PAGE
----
Compare that online course preparation, delivery and outcome, to a more common one (i.e a traditional instructor is told to “place their course online next semester”) and compare those results.
Yes, online courses can compete, but that is not the norm.
[…] “No Significant Difference” in Online Science Courses […]
Dr. Epper, I am not surprised of the results of the study. Quality online learning is equal to quality classroom learning. Only a caveman living under a rock for the last 30 years would be surprised. What I am amazed by is the skepticism and refusal for some who still refuse to accept the study’s findings. How biased does one have be?
Also, I take exception to the “typical online” compared to the “typical traditional” classes. Please define what typical is. My recollection of a typical college biology class was boring lecture, read your textbook, and meet me in the lab. My typical online classes (3 degrees earned online) were of much higher quality, professional designed, and pedagogically implemented.
Unfortunately, the quality of online courses varies enormously, not to say that traditional course quality does not also vary. Anecdotal evidence notwithstanding, the online can be better or worse than the classroom version.
Let’s hope that online continues to improve because classroom versions are about as good as they’re going to get, and the average is not great.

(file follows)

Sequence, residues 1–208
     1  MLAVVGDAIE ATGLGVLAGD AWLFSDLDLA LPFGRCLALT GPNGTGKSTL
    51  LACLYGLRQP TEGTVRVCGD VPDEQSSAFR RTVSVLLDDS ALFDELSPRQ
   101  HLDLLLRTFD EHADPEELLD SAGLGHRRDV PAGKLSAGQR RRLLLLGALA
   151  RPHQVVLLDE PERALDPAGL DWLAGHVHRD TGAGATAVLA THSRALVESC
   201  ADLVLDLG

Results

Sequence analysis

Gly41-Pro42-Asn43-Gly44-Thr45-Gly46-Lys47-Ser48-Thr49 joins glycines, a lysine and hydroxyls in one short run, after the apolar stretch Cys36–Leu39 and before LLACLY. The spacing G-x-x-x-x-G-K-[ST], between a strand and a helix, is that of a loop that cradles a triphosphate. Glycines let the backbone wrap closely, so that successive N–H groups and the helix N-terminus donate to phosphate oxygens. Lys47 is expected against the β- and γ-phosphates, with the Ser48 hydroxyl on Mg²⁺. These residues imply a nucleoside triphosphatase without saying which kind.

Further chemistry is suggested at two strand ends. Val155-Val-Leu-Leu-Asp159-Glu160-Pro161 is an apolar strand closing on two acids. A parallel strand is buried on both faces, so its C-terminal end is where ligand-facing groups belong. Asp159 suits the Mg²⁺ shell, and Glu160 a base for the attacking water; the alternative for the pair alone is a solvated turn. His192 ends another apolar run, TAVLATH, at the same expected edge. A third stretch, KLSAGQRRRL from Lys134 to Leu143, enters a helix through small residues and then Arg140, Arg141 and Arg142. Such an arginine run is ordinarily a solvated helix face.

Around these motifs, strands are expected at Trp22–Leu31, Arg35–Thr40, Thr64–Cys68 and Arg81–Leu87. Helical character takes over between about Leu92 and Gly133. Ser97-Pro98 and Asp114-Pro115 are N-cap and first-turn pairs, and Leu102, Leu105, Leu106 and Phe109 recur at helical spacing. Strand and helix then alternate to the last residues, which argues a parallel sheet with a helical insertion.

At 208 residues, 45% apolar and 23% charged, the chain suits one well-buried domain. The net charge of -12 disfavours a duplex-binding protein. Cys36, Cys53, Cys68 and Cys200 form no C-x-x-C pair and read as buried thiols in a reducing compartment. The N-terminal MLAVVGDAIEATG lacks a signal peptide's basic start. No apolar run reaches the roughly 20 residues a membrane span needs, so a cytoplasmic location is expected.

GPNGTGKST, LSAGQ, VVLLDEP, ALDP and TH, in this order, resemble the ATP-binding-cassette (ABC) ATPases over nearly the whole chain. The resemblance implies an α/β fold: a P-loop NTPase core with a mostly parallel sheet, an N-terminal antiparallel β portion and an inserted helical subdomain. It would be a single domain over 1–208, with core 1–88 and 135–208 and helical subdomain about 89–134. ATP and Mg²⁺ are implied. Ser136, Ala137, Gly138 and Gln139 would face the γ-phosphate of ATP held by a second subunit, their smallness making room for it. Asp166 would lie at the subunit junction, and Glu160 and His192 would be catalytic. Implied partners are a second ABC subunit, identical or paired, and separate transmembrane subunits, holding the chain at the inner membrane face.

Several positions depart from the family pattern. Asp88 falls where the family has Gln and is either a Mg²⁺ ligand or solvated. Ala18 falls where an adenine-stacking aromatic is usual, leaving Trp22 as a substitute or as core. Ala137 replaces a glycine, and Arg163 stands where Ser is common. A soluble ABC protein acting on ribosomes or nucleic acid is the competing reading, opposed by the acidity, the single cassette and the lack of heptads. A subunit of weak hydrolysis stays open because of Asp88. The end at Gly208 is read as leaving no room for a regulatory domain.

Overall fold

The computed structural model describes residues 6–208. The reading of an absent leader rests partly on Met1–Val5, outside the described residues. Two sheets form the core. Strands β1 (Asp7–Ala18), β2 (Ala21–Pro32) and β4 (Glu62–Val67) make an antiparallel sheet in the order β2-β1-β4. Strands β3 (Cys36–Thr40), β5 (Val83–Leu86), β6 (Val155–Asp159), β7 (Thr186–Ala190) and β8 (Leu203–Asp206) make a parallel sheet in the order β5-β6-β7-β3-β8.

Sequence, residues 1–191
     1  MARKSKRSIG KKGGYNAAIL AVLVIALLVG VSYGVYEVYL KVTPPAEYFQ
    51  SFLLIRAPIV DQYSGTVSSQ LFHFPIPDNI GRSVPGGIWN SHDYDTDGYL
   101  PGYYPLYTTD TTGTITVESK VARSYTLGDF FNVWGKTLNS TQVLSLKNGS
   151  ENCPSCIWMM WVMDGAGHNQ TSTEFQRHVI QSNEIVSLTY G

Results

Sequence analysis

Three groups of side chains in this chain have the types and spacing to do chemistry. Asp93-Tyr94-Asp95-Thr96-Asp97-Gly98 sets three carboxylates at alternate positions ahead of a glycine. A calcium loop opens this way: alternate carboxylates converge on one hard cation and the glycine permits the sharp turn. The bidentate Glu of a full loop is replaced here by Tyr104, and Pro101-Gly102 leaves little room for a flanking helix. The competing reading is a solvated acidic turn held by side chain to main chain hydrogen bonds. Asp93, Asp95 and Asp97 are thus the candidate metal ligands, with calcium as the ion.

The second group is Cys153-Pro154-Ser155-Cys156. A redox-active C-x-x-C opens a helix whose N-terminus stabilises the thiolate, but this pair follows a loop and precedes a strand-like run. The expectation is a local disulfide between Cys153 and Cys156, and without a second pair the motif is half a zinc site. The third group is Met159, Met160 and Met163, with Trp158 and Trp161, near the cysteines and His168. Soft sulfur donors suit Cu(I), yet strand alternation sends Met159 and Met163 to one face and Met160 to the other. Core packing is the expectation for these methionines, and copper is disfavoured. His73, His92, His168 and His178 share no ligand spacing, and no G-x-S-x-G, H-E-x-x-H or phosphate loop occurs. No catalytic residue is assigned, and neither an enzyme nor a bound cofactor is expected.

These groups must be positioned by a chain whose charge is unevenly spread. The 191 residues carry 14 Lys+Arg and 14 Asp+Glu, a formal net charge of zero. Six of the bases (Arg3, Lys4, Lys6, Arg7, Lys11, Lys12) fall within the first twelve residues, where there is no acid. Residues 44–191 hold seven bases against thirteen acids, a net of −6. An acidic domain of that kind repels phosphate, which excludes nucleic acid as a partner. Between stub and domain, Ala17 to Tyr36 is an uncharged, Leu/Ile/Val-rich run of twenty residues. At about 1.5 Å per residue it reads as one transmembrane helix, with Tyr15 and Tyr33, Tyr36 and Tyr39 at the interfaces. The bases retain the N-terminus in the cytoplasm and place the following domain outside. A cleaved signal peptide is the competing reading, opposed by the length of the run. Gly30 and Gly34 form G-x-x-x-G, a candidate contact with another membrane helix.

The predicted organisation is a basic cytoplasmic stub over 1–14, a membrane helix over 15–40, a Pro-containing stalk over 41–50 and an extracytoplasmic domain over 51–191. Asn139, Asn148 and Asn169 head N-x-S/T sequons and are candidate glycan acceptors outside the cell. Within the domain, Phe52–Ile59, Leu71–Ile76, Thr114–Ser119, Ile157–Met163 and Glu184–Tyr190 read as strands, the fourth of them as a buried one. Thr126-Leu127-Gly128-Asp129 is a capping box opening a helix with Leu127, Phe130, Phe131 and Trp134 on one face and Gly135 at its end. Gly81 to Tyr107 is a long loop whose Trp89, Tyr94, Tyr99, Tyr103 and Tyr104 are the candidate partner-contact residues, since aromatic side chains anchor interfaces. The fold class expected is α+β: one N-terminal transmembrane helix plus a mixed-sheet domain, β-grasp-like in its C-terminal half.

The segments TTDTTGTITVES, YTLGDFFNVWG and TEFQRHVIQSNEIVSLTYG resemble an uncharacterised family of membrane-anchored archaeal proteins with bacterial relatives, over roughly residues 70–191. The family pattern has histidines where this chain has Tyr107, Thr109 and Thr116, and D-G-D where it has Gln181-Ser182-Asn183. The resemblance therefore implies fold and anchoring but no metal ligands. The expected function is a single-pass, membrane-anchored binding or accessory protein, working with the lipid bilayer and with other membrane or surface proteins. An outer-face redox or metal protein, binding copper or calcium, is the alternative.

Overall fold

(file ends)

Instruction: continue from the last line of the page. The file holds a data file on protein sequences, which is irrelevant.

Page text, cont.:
Personally, I think that the potential for online blows away the classroom version. We just don’t see that potential fully developed yet.
No doubt on line education can do “as well” as large lectures. And simulations can work for some types of learning, and kits for some types of experiments.
To me, simulations should not be called labs but a valid extension of the course. I am not sure how I can be convinced that not handling a microscope, not doing actual stains, not dropping a tube of bacteria on the floor and having an instructor help can be duplicated. Instead, perhaps there could be Saturday labs or a week on site (perhaps during spring break).
The working full time problem is actually not solved by this other than helping with transportation and daycare. You still need time to study and think.
How can we explore this from an unbiased manner?
Steven, let me just clarify that we are not using simulations in our courses to replace any experiments. The experiments using remote labs allow students to use real equipment to produce real data. The lab kits are hands-on lab experiments that students conduct in their homes. In neither case are there simulated data or outcomes.